Ohio Valley On Changing Road

WHEELING – The Upper Ohio Valley finds itself traveling a road filled with potential riches through the natural gas industry – but that same road also has a number of potholes, and navigating it will require care and a strong vision from local leaders to shape the future.

This road we’re on carves a path through the Marcellus and Utica shale, which is helping the local region reshape itself after decades of essentially being in a holding pattern. Tens of billions of dollars are being spent in both West Virginia and Ohio – nearly all of it locally – to fuel the natural gas bonanza. New businesses are opening. Employment opportunities are there.

The road’s bumpiness begins in the heart of the nation’s coal industry, which remains under attack from federal regulators, putting thousands of jobs at risk. Murray Energy Corp. has emerged as the area’s and one of the nation’s dominant energy companies, and is taking the lead in fighting back against the U.S. Environmental Protection Agency.

Along Interstate 70 in Ohio County is The Highlands, a retail development that is seeing record sales and smooth sailing. The same can be said for the Ohio Valley Mall along I-70 in Belmont County, which is seeing a renewed push with the addition of Boscov’s and upgrades to Macy’s and the mall itself.

The road ahead for local health care facilities is fraught with blind curves, as the Patient Protection and Affordable Care Act, better known as Obamacare, is changing not only the insurance system, but also how health care is delivered. What frustrates local health care executives most is that no one – not even those who wrote the bill – seems to know just what impact the law is going to have.

Public education continues to travel a bumpy road, as new Common Core standards are being implemented throughout our area. Budget cuts in West Virginia also are threatening the role of higher education, as is a Senate bill that seeks to allow the state to regulate all employee pay at public colleges and universities. But amidst all the change, local schools – both public and private – continue to excel.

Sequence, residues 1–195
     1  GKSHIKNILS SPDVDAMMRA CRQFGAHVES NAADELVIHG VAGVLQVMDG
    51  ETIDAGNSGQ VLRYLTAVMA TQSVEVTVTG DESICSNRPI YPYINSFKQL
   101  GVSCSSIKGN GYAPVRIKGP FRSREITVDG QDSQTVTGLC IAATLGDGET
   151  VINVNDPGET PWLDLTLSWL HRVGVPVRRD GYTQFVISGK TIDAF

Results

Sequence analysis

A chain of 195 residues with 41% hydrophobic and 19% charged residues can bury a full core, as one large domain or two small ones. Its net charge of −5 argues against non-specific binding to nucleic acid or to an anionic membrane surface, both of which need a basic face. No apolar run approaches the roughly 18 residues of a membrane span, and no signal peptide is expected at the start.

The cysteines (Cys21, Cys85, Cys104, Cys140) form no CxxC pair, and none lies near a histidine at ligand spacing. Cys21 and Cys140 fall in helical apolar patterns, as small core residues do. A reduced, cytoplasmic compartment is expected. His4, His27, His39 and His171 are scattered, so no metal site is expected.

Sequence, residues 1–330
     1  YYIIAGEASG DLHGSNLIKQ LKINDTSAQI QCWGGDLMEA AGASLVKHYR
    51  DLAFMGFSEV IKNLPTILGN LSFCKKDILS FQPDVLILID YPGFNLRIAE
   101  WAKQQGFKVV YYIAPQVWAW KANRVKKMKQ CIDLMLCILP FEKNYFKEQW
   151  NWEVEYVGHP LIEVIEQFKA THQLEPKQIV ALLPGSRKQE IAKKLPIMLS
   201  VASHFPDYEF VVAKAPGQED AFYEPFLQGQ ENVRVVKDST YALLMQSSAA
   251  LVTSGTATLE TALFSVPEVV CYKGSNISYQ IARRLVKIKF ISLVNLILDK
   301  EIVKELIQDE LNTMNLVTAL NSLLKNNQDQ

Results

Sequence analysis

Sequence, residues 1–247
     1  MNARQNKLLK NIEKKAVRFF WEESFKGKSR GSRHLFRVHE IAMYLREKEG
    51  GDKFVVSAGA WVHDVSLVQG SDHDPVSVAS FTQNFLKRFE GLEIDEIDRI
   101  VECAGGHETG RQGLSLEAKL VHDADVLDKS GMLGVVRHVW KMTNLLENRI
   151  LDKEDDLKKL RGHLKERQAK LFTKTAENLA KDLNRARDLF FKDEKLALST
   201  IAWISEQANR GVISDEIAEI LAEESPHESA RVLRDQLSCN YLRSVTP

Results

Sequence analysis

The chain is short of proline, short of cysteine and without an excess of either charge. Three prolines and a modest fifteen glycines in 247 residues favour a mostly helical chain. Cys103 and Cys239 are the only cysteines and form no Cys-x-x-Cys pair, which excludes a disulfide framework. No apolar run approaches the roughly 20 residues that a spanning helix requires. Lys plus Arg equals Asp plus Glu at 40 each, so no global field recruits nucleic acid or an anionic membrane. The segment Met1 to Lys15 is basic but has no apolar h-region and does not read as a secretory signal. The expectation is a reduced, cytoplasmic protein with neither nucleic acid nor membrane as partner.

Tourism and finance also deliver smooth rides in our region, from the success of the Capitol Theatre to the growth of the area’s banks.

There are many other examples of the road our area finds itself on, all of which are presented in “The Road We’re On,” a six-section publication that debuts in today’s newspaper. Our reporters have been gathering input from local business and elected leaders for the publication, which focuses on the following areas: Drilling/Mining and Retail, in today’s paper; Health and Education, which come out Wednesday; and Tourism and Finance, set to publish on Thursday.

“We believe ‘The Road We’re On’ provides a comprehensive look at just how the local region and the nation are changing with the times,” said John McCabe, managing editor of The Intelligencer. “From development of the Marcellus and Utica shale formations, which have the potential to reshape the Upper Ohio Valley, to the future of coal, health care and our region’s education system, we looked into the issues we believe you, the reader, care most about. We believe this special publication gives you the depth of knowledge needed to understand many of the challenges our area and our nation face today and in the future.”